From May 19 to 21, 2017, the Future Food Institute (FFI) and Maker Faire are collaborating to present Maker Faire Bay Area, an interactive event highlighting the work of fifteen food innovators. Taking place at the Future Food Area in San Francisco, this event includes the opportunity to interact with prototypes of real food projects, a panel discussion with four key innovators, and a hands-on workshop for kids.
In 2016, Maker Faire drew more than 1.4 million attendees to 191 Faires around the world, all of which focused on bringing people together to celebrate invention, creativity, and learning.
Food Tank spoke with Chiara Cecchini from the Future Food Institute about the importance of engaging a larger public in food innovation and their goals for the Maker Faire movement.
Food Tank (FT): What was the inspiration behind the first Maker Faire in Rome?
Chiara Cecchini (CC): Making is fundamental to what it means to be human. We create physical things to express ourselves, and our creations are like little pieces of us that seem to embody portions of our souls. That’s why Future Food Institute believes so much in the importance of food hands-on education: while we discover, explore, touch, prepare, share and eat food, we create an indestructible bond with it that will shape our behavior.
Maker movement is exactly about that. With the launch of MAKE Magazine in 2005, Dale Dougherty, Sherry Huss, and their team provided the catalyst for a tech-influenced DIY community that has never stopped growing. Makers meet virtually and physically throughout the year, and the 200+ Maker Faires around the globe have been making this movement more and more tangible.
The overlap seemed obvious from the very beginning. Last year, EU Maker Faire in Rome was just the right timing, partners, and place to have our first prototype.
FT: What do you think is special about the upcoming Maker Faire in the Bay Area?
CC: Both FFI and Maker movement aim at catalyzing a new generation of Food Makers: young, entrepreneurial, food-focused people who are physically building a product to fill a gap they see in our society. We are trying to do that by telling their stories on Maker Magazine (twice a week), giving them a space and a big audience to showcase (150,000 attendees in 2016) and a stage to share their stories. Furthermore, they can interact with kids, leading workshops to share their knowledge and experience with younger generations.
Maker Faire is the greatest family-friendly showcase of invention, creativity, and resourcefulness, and celebration of the Maker Movement Earth. It was born in Bay Area, that’s what makes this occasion special. In 2016, there were 191 Fairs around the globe, hitting 1,404,000 attendees: 150,000 of them were in Bay Area.
FT: What are some of the biggest challenges in the food system that these food innovators are addressing?
CC: The two main challenges they are addressing are food waste and unsustainable production.
Every year one-third of the global food production is wasted. Food waste corresponds to four times the amount needed to feed the people suffering from undernutrition worldwide.
As ReFED shows, we can reduce food waste by 20 percent through prevention, recovery and recycle. At Maker Faire we’ll have with us Regrained, Ugly Juices, and Imperfect Produces: three young companies committed to make unused ingredients and produce more appealing to final consumers.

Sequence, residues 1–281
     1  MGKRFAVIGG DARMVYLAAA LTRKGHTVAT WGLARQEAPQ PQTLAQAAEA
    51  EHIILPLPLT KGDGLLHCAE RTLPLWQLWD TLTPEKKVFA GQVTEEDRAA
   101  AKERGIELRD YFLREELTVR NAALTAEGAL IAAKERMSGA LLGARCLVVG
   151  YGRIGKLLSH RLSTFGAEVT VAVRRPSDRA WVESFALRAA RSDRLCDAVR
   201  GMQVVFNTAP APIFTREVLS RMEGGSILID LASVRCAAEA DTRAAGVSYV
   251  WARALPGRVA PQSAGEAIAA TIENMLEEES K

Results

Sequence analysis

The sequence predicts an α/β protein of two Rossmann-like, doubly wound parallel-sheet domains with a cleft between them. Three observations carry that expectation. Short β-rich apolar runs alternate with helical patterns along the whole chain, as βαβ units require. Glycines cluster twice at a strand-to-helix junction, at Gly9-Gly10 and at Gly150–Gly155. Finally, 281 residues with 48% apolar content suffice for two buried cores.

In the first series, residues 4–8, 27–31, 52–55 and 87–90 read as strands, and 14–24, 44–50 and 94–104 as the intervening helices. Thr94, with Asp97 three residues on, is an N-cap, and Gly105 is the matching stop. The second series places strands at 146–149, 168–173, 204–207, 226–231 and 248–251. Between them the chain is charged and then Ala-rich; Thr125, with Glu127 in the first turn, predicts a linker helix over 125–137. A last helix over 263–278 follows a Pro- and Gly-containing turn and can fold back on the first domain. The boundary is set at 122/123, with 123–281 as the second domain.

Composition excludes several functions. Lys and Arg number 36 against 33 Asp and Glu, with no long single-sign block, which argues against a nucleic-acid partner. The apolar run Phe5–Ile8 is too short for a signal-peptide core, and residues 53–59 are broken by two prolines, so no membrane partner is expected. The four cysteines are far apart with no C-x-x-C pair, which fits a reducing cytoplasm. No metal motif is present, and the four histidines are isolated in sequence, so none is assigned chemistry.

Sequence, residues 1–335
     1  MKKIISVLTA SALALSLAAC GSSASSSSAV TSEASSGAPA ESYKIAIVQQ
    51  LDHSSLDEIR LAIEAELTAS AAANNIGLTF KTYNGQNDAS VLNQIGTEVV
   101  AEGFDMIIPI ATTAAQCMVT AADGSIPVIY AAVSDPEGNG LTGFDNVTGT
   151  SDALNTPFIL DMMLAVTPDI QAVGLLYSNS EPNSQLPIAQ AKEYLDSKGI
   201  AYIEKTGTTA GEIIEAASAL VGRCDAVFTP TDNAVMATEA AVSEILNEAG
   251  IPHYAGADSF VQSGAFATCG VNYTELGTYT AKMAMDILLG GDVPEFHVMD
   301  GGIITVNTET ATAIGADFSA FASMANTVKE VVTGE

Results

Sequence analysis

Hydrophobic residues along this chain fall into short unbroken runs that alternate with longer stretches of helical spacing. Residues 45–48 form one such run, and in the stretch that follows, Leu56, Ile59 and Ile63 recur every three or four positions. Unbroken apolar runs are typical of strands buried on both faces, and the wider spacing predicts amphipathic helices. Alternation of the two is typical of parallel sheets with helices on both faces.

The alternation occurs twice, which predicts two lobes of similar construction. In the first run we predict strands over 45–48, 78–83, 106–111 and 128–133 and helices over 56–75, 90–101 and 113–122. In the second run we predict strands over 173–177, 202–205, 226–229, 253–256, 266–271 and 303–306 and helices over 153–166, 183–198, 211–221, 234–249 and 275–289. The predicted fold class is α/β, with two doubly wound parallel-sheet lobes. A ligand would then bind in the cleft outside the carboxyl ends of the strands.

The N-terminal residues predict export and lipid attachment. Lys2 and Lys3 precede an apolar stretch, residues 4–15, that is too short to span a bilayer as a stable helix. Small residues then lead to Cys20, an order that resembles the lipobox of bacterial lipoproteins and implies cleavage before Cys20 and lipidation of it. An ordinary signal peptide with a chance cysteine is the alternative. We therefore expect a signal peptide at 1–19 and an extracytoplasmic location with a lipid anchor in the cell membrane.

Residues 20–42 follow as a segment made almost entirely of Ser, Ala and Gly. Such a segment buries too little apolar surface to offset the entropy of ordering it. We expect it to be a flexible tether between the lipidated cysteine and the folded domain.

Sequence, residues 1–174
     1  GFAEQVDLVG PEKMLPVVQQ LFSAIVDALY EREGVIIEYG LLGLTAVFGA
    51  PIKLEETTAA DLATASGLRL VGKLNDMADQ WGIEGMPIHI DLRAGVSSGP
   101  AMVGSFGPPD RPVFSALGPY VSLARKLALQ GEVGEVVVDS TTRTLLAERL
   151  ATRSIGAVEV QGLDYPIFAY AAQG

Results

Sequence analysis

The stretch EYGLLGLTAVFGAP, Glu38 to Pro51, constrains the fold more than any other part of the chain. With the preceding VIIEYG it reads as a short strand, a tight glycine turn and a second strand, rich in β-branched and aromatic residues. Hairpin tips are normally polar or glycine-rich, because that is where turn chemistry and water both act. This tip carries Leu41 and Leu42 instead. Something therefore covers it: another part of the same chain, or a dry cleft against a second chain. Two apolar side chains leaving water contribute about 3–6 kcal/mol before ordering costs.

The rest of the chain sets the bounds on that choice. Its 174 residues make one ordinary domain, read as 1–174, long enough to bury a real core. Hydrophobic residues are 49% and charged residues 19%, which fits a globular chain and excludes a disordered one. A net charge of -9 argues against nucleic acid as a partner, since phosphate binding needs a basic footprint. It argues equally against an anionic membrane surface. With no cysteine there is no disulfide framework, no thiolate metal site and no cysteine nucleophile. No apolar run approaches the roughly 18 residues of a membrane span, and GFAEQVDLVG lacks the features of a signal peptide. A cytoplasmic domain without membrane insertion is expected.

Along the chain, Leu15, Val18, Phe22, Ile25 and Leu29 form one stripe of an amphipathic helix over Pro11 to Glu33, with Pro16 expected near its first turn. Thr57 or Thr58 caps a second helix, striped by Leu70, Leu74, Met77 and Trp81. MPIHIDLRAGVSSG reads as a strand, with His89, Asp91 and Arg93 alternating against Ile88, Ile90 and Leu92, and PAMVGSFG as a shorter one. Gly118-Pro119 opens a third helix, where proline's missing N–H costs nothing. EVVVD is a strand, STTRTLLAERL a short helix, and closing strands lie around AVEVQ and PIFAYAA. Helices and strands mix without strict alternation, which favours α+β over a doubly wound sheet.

The other big challenge is about unsustainable food production. The world’s food system is facing unprecedented challenges: the global population is set to reach 8.1 billion in 2025, with 95 percent of population growth driven by developing countries. The food system must ensure this growing population has access to the nutrition it needs to flourish, especially as climate change reshapes agricultural production. Some of the Food Makers are working on indoor farming systems, to ensure that everybody can grow their own food, as well as someone working on alternative protein sources, which are less environmentally destructive.
Moreover, we are also featuring more educational projects. Prof. Matthew Lange from UC Davis, will be there showing IC3-Foods, an infrastructure for the Semantic Web of Food, Health, and Sustainability, empowering data analysis to support the main food challenges.
FT: What do you hope attendees will learn about innovation in the food system by attending Maker Faire Bay Area?
CC: The purpose of Maker Faire is peer-to-peer learning. We aim to expose our young attendees to young makers, their solutions, and their hands-on approaches, in order to expose attendees to new concepts, as well as show them that everybody can make something impactful.
Our food system has many gaps to be filled and food challenges are impacting our daily life at to unique extent. We aim to spotlight those innovators who are actively trying to give their contribution to those challenges, to disruptively educate the Maker Faire audience, increasing attendees’ food related awareness. We strongly believe in the need for food innovation as a core part of the Maker Movement.
FT: Why do you want children to get involved in this event, in particular through the Food Tech Kids Lab?
CC: Nutrition education is an evidence-based, cost effective way to improve health outcomes and foster healthy eating habits for a lifetime. We believe that schools, together with local communities and families, need to be at the heart of food education, in order to put the tools of prevention in the hands of children themselves.
Friday@Maker Faire is a special occasion made for school groups and educators to come to Maker Faire as a field trip. For us this is the perfect occasion to enable our Food Makers to share their main learnings with groups of kids, in order to give back to the community the knowledge that they have been acquiring both in food and in technology. This leads kids to learn something new, to play with technology, and to engage with food.